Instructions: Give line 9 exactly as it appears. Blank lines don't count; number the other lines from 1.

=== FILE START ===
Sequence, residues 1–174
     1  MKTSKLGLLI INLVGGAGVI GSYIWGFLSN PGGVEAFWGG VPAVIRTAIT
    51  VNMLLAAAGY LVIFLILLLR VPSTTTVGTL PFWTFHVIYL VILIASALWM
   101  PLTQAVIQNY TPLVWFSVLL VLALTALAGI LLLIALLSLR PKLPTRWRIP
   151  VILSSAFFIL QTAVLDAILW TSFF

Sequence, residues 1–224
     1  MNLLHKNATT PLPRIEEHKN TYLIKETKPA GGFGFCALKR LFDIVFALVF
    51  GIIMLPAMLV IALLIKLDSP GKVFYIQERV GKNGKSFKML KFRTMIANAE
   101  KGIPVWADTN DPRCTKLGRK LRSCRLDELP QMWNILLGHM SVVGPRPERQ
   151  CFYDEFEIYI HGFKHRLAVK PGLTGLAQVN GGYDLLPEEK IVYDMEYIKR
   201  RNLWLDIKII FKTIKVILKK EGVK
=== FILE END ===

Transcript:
   101  KGIPVWADTN DPRCTKLGRK LRSCRLDELP QMWNILLGHM SVVGPRPERQ